Concept Map

Concept Maps

What are they? How can they help? How do I make them?

What are concept maps?

​A concept map is graphic diagram illustrating the interconnections, and often the hierarchy, of a particular concept or topic. The use of concept maps was popularized with science educators by Joseph Novak and Bob Gowin based on the learning theories of David Ausubel. Different from a flowchart or an outline, a concept map is usually nonlinear and web-like. The main topic is connected to secondary subtopics, which in turn are connected to tertiary subtopics within the diagram. Concept maps are especially important in teaching science because they depict the interrelationships among the elements of a concept or a system. Adapted from Llewellyn, Douglas. "Making the Most of Concept Maps. " Science Scope. (Jan 2007)

Still don't get it? I don t blame you. Think of it this way, concept maps are just what they say they are, a map of a concept. They take an important topic and create a map of what's around it. They help you get from that topic to related smaller topics and from those smaller topics back to the main point.

This student-made example shows a concept map for the very large topic of Psychology. Notice how it organizes and maps the approaches to psychology. Key vocabulary, I call these varsity terms, are highlighted in yellow. Examples are highlighted in pink and important psychologists (varsity psychologists) are highlighted in blue.

How can concept mapping help me?

If you're not careful, learning the vocab for AP Psych can be like learning a new language. You'll make lists of words and try to memorize them, but you won't see how the whole thing fits together. Memorizing lists might work long enough for you pass a quiz, or maybe even cram for a test, but it won't stick in your long term memory and it certainly won't help your FRQs. Memorized lists decay quickly. Concept Maps create connections that stick.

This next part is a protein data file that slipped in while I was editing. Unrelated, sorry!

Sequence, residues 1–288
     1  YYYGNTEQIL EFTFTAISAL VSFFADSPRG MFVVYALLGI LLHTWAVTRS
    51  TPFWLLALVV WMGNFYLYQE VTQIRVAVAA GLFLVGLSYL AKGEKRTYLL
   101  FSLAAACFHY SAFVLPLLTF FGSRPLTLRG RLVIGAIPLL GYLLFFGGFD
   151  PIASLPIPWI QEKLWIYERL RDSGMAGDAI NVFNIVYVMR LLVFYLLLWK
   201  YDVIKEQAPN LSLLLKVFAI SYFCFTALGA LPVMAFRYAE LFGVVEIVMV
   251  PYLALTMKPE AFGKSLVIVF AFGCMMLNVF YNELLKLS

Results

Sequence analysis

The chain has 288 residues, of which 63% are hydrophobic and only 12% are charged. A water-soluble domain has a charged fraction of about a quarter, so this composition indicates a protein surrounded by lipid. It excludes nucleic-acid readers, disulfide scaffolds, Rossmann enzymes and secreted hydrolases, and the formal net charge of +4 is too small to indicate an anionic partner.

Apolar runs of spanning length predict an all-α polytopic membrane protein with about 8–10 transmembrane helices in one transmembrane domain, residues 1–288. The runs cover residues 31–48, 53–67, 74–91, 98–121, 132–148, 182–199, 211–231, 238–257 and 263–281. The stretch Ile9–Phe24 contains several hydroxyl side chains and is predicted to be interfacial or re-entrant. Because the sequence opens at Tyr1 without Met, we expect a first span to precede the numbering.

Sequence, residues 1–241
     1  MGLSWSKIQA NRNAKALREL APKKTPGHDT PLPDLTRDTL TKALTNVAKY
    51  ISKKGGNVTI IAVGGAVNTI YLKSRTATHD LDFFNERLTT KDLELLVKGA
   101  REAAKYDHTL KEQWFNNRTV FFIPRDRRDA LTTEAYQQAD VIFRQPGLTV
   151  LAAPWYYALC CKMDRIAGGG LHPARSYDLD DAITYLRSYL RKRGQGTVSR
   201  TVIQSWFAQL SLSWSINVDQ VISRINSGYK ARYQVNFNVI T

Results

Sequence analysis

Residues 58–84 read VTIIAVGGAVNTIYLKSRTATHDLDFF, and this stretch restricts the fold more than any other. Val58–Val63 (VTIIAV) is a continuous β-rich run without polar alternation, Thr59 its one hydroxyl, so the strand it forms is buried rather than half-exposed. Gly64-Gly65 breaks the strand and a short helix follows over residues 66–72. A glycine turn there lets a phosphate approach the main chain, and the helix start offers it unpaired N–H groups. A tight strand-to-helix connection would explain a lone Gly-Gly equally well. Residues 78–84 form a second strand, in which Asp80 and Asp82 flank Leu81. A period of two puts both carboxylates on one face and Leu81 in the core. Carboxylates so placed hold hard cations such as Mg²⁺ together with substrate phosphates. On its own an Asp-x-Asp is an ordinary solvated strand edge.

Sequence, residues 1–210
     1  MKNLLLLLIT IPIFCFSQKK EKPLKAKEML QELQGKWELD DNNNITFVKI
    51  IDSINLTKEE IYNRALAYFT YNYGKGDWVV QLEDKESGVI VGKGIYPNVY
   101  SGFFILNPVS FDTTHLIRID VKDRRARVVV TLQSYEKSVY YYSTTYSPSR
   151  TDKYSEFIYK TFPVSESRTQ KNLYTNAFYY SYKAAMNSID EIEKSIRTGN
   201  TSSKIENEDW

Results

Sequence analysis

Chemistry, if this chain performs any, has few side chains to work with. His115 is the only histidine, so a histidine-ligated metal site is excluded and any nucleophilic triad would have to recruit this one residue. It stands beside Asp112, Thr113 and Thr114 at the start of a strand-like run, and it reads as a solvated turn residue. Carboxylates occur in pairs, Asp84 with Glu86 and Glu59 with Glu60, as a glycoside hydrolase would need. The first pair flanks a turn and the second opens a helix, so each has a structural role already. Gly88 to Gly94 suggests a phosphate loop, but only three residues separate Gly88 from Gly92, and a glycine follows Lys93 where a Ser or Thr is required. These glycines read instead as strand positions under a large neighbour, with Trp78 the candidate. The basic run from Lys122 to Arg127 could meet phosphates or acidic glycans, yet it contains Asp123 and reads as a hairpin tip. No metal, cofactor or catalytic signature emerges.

If you force yourself to map a concept then you force yourself to see how all of the parts connect. Sure those connections are lines in your map, but more importantly, they're retrieval cues in your memory. They are a physical neural network you can access! With concept maps, when a test asks you a question, your brain accesses a web of knowledge and not just one lonely notecard. This makes you a much more powerful thinker. More importantly, the WHS AP Psych style of concept mapping encourages you to make connections to your life as well. Those connections help you create more retrieval cues and thus help grow that neural network. But all of this is secondary to the most important benefit. Our concept maps get you in the habit of applying Psych to better understand your world. And that, after all, is why you're taking this class.

How do I make a concept map?

Read. Read with a purpose. Read to better understand the topic. Read section headings to get the secondary topics. Read bold-faced / italicized words to get the tertiary topics.


Use class. Use class to learn about the topic. Use class to understand how the secondary topics can be organized. Use class to define the varsity terms and get personal examples.